This is by far the most popular model where you offer your product on a subscription basis. Combine it with a free trial period to entice users and prove the app’s worth, and you’ve got a strong revenue-based contender.

App Subscription
App Subscription Mobile

The subscription model is usually offered with a free trial, 1 month and annual payments.

  • Minimal up front cost to the user
  • Apps earn higher revenue than other paid models
  • Option to offer discounts to loyal users by offering discounts on longer subscription periods
  • Recurring income
  • May need to keep pushing new content and features to satisfy subscribers
  • Your customer support must be rock-solid or subscribers may not feel they get their money’s worth
  • Some app categories are not fit for this model, examples are: single purpose apps (tv-remote, calculator etc.), gaming and shopping apps

Free with Ads

Most of the major mobile ad networks offer 5 formats:

  1. Banner
    These ads are usually text and images displayed at the top or bottom of an app.
  2. Native
    Mostly perceived as the least intrusive ad. They mimic the UI of the app with a small “sponsored” text added (popular with Facebook and Instagram).
  3. Interstitial
    They are full-screen ads shown between transitions in the app (IMDB and Duolingo use this).
  4. Offer wall
    Usually placed on a separate page the user has to click to get to. It lists multiple offers with in-app rewards to each choice; for example, in-game currency for clicking an ad.
  5. Video
    These are used in the native or interstitial formats above. They draw attention and engagement, but many users find them annoying due to their intrusion.
App Free with Ads
App Free with Ads Mobile

The five most used advertisement methods in apps.

  • You can offer a premium app with all features for free
  • You can offer the option to turn off ads with a subscription or paid version
  • Ads can be seen as intrusive and take up important app screen space
  • Can negatively affect the user experience and stop users coming back to an otherwise good app

One-Time Paid App

This was at one time the most popular option: the user pays for the app one time and afterward, it’s free for life.

This model works best for certain markets with limited life cycles. For example, if you target pregnancy or education, your user-base will be refreshed organically on an ongoing basis.

  • The maintenance costs are lower as users don’t expect as much renewed content
  • Users are more engaged than with free alternatives
  • Cleaner UI with no ads
  • Marketing costs and upkeep are higher
  • You must showcase the value of your app up front. 5-star reviews, screenshots and videos are important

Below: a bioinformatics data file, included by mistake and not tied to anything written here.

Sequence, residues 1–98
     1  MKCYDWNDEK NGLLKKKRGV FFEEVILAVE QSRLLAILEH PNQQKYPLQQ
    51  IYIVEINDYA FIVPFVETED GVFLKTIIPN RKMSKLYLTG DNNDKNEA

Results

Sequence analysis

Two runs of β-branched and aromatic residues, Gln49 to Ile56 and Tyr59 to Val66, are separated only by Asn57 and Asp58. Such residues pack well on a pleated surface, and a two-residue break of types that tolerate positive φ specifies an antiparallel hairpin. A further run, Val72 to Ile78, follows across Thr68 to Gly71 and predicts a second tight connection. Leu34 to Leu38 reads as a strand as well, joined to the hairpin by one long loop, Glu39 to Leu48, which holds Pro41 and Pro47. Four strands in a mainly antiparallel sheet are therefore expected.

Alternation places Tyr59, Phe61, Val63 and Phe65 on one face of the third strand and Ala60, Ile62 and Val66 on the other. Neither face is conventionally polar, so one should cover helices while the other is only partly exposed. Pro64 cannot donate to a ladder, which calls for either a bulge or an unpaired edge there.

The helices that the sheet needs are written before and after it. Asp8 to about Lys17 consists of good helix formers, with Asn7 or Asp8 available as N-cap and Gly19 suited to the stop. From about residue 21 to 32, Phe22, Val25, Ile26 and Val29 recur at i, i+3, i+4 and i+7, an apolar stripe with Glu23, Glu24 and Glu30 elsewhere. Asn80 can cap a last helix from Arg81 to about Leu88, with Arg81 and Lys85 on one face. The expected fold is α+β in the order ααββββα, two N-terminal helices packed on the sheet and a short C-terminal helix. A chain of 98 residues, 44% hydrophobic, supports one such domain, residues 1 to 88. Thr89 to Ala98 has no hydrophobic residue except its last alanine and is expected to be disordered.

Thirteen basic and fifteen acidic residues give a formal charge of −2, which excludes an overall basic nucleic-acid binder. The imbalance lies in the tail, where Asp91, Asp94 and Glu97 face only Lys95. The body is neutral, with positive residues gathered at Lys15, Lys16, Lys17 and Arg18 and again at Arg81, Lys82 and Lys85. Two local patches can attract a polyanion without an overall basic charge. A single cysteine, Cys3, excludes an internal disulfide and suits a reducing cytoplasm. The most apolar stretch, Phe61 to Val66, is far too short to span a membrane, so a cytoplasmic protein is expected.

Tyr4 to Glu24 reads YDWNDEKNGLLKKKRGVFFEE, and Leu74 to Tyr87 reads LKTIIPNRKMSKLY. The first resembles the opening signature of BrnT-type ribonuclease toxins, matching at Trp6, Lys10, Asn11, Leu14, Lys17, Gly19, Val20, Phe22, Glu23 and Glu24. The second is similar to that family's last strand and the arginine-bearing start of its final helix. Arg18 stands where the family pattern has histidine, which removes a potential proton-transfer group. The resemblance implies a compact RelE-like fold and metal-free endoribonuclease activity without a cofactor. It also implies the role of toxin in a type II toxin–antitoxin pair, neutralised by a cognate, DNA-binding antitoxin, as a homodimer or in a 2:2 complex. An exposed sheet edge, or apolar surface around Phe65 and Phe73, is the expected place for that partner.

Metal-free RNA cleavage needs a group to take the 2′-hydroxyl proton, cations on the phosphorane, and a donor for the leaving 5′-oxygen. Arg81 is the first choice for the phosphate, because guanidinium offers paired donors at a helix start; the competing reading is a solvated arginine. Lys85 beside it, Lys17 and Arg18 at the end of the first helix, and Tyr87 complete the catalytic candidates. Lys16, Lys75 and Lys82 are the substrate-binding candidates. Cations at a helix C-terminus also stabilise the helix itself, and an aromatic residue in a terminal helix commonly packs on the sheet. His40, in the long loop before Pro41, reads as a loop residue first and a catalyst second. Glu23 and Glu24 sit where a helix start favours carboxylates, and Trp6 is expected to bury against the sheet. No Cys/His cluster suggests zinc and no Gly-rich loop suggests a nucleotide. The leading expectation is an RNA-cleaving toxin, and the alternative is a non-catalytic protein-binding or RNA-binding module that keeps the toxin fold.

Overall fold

• Few downloads per day compared to the other options
  • Difficult to convert to another app revenue model later — you’re likely to upset current users and need to generate new users

Affiliate Marketing

With affiliate marketing, you are offering a free app but are paid by affiliates either by a certain action or sale the user completes.

Apps offering links to discounted products are often seen in this category. SlickDeals is one of the popular apps in this category.

  • Free app with potential for a fast-growing user-base
  • Customer service costs are low or non-existent
  • Random income pattern
  • No control of products offered


The Freemium method is increasing in popularity; some popular successful Freemium apps include Fortnite and Skype.

You can use these apps for free, but to unlock the full features or services you have to pay.

  • Easier to get a large user base and get people interested
  • No cost or risk to try your product
  • Flexible because it can be converted to the other models without as much risk for backlash from your user base
  • Some users will never convert to paying customers
  • You need to offer constant value to gain revenue
  • There’s a fine balance with this paid model between offering too many vs too few features

In Summary…

If you are trying to grow your user base and reach millions of people, Freemium or Free with Ads revenue models increase the user adoption numbers the fastest.

If you are targeting a smaller niche market, the Subscription or One-Time Paid revenue models might be a better choice.

Chapter 3 Decide Native or Cross-Platform

When you’re deciding how to build an app, a key decision you need to make early on is what platform(s) you are going to build on.

You can choose to release on Android with a 47.3% market share or iOS with a 52.5% market share. But why not release on both and get a 99.8% market saturation?

You can either develop your app natively on each platform, (basically developing two apps). Or, you can build one cross-platform app to deploy on both platforms at once.

There are advantages and disadvantages to both.

Chapter 3: Native or Cross-Platform App

Native Apps

A native app is an app build specifically for the platform it is going to run on.

You can get a performance boost by developing your app natively on Android and iOS, mostly due to code optimization and access to new features introduced by Google and Apple.

A fast reacting app is very important since users will delete it if it’s unresponsive or slow.

On iOS, the programming language is called Swift while Android has a plethora of different options such as Java, Kotlin, C/C++, just to name a few.